Bedsores – Frequently Asked Questions (Part I)

The New York (NYC) Bedsore Attorneys at Gallivan & Gallivan have extensive experience representing individuals who have developed bedsores (pressure sores, pressure ulcers, pressure sores, decubitus ulcers) due to the neglect of hospital or nursing home personnel. The following is the first of a series of posts that will address questions we often receive from our clients regarding bedsores.

1) What is a bedsore (pressure sore, pressure ulcer, pressure sore, decubitus ulcer)?

The terms bedsore, pressure sore, pressure ulcer, and decubitus ulcer are often used interchangeably. What they refer to are areas of damaged skin and tissue that develop as a result of sustained pressure on certain parts of the body. In most instances, such sores develop on the bony prominences of the body, including the sacrum, buttocks, elbows, heels, shoulder blades and hips. The sustained pressure on the affected area disrupts blood flow causing the tissue to die.

2) What are the stages of bedsores?

The National Pressure Ulcer Advisory Panel has defined the stages. A brief explanation of each stage is below.

Stage I. An area of persistent red skin that may be itchy or painful to touch. Stage I ulcers will, in most circumstances, heal once pressure is relieved.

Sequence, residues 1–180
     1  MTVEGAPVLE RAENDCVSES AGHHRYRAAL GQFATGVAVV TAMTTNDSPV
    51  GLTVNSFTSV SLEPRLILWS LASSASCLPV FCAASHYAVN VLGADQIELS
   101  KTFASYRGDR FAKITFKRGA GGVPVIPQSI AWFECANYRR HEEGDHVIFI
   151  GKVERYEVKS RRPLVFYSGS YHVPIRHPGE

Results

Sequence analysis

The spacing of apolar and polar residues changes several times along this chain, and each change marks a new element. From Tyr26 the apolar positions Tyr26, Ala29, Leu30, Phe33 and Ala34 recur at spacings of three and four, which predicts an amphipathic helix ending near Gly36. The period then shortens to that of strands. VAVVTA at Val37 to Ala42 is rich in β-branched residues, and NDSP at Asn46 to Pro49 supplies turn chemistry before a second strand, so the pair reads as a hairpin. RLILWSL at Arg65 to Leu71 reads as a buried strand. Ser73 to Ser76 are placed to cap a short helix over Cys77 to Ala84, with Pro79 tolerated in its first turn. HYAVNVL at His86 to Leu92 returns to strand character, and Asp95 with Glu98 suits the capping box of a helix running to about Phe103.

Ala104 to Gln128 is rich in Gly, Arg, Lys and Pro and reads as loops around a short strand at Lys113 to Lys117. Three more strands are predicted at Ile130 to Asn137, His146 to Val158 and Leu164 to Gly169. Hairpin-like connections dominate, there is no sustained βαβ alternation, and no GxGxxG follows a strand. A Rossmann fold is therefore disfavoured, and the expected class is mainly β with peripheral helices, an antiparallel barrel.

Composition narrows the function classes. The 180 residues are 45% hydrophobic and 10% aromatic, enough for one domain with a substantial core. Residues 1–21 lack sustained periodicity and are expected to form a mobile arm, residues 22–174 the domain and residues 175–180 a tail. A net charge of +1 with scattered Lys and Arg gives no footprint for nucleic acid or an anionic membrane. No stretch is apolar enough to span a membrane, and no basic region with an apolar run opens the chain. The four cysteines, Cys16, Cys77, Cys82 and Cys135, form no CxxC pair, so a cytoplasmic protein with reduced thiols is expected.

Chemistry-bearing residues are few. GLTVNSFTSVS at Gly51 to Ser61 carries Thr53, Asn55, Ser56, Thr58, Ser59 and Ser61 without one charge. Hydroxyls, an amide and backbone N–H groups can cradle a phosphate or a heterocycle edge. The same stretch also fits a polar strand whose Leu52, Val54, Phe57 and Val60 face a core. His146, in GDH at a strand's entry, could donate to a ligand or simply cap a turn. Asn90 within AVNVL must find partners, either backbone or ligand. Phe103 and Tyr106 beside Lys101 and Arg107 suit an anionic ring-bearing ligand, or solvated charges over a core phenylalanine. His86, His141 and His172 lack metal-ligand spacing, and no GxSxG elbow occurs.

Stage II. The wound has broken the skin. It is now an open sore that looks similar to a blister.

Stage III. The wound has progressed down to the tissue beneath the skin. The sore may look like a crater.

Stage IV. In a Stage IV pressure sore, the damage has progressed though the skin and tissue to the underlying muscle, bone, tendons and/or joints.

3) What causes bedsores?

a) Sustained pressure b) Friction c) Shearing
4) Are bedsores preventable?

The short answer is that bedsores caused by sustained pressure on an area of the body are preventable. However, certain underlying conditions make people more susceptible to developing bedsores. These conditions include vascular disease, anemia, diabetes, paralysis, cancer, and spinal cord injuries. We would and do argue that if these underlying conditions are present, the hospital and/or nursing facility is obligated to ensure that they are vigilant in trying to prevent bedsores. In addition, simply because an individual is more susceptible to bedsores does not make their development excusable.

That said, there is also a condition called a venous or stasis ulcer that is not caused by sustained pressure. They are usually smaller ulcers that develop when veins fail to properly send blood back to the heart. This results in the blood flowing backward and collecting in a pool in the legs. The pooling of blood causes the skin ulcer. In most instances, these ulcers are more difficult to prevent and/or treat.

As always, the attorneys at Gallivan & Gallivan are available to answer any questions you may have about bedsores or any other form of nursing home or hospital neglect. Please contact us for a free consultation.

Website Resources:

Mayo Clinic – Bedsores (Pressure sores)

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